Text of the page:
APPEAL from the Circuit Court of Rock Island County; the Hon.
PAUL E. RINK, Judge, presiding.
MR. PRESIDING JUSTICE ALLOY DELIVERED THE OPINION OF THE COURT:
This is an appeal from an order of the Circuit Court of Rock Island County allowing a motion to dismiss a complaint for writ of mandamus filed by plaintiff Mae Jackson, as against the Village of Rapids City, Illinois, and the Building Inspector of such Village.
Plaintiff Mae Jackson, who is the owner of real estate in the Village of Rapids City, applied for a building permit. Following the denial of the application, plaintiff petitioned the Village of Rapids City Board of Zoning Appeals for a variance to permit erection of a large garage upon the premises for use in connection with her son's business. It involved a building permit for a 45 foot by 75 foot commercial corrugated garage on a lot zoned so as to prevent such use. The purpose was, additionally, to store heavy earth-moving machinery, tractors and trucks in the garage. The Zoning Board of Appeals, in its publication notice, indicated that a hearing would be held on the basis of such request, which was described as a request for "a variance in the village zoning ordinance to rezone premises zoned as residential for the purpose of erecting a garage for storage of heavy machinery." Such use was not sanctioned in the residential district, but was sanctioned in other classifications of the zoning ordinance. Following the hearing, the plaintiff asserts that the Zoning Board of Appeals voted to approve the variation. It is stated that there is no record of the precise form of the action by the Zoning Board of Appeals. Thereafter, the Village Board of Trustees met and elected to overrule or refuse to accept the Zoning Board of Appeals' recommendation for such variance.
Following the action of the Village Board, plaintiff filed an action in mandamus seeking to compel the Village and the Building Inspector to grant her the building permit. Plaintiff's action is based upon the contention that the action of the Zoning Board of Appeals was of such character that the failure of the Village to appeal from the decision of the Zoning Board of Appeals made it final and binding upon the Village. The Village contends that all the Zoning Board of Appeals was authorized to do, and did in fact do, as a result of the hearing was to recommend to the Village Board that variance from the terms of certain regulations be granted, and that the Board of Trustees of the Village refused to accept such recommendation and denied such variance. Following the institution of the mandamus action, a motion to dismiss the complaint for mandamus was filed by the Village which essentially asserted that the power of the Zoning Board of Appeals with respect to granting variations in rezoning was limited to recommending to the Board of Trustees of the Village, the action which it recommends be taken and that the power to grant variations or rezoning of the character involved herein was reserved exclusively by the Village Ordinance to the Board of Trustees of the Village. The Village Board of Trustees rejected the recommendation of the Zoning Board of Appeals by a unanimous vote.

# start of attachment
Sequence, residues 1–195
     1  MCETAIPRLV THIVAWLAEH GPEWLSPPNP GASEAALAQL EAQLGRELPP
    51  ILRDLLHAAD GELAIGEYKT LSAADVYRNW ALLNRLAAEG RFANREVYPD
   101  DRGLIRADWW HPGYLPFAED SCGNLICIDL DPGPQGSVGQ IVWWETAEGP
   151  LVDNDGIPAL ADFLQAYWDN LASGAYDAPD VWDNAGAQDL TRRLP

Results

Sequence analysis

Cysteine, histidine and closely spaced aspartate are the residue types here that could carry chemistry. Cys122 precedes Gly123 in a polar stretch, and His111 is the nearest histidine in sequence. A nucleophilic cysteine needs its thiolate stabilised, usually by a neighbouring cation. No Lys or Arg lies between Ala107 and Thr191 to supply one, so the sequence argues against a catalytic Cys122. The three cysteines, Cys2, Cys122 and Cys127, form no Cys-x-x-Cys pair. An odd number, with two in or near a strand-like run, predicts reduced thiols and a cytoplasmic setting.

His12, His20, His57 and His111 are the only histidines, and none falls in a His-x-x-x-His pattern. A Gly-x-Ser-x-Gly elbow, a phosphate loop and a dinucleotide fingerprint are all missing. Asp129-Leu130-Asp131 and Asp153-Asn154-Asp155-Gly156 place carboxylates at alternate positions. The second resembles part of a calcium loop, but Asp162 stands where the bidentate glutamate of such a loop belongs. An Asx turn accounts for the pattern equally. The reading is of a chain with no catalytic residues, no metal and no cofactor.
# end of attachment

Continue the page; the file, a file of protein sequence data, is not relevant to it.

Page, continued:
The issue before us is whether the action of the Zoning Board of Appeals was a final administrative decision. This involves a determination of whether the ordinance of the Village (which limits the power and capacity of the Zoning Board of Appeals to hear and decide appeals only when it is alleged by appellant that there is an error in any order, requirement, decision or determination made by the Building Inspector) was an unconstitutional exercise of power and invalid by virtue of Illinois Revised Statutes 1971, ch. 24, § 11-13-13. Section 11-13-13 of chapter 24, Illinois Revised Statutes, 97, simply provides for review of final administrative decisions of the Board of Appeals under the terms of the Administrative Review Act. It does not purport to cover any decisions other than final administrative decisions of the Zoning Board. It, therefore, becomes essential for us to review the legislation applicable to the issue before the Court.
Section 11-13-5 of chapter 24 of Illinois Revised Statutes (1971) provides:
"In municipalities of less than 500,000 population, the regulations authorized by this Division 13 may provide that the board of appeals or corporate authorities may determine and vary their application in harmony with their general purpose and intent and in accordance with general or specific rules therein contained in cases where there are practical difficulties or particular hardship in the way of carrying out the strict letter of any of those regulations relating to the use, construction, or alteration of buildings or structures or the use of land. If the authority to determine and approve variations is vested in the board of appeals it shall be exercised in accordance with the conditions prescribed in Section 11-13-4, subject to the power of the corporate authorities to prohibit, in whole or in part, the granting of variations in respect to the classification, regulation and restriction of the location of trades and industries and the location of buildings designed for specified industrial, business, residential and other uses. If the power to determine and approve variations is reserved to the corporate authorities, it shall be exercised only by the adoption of ordinances. However, no such variation shall be made by the corporate authorities as specified without a hearing before the board of appeals." (Emphasis added.)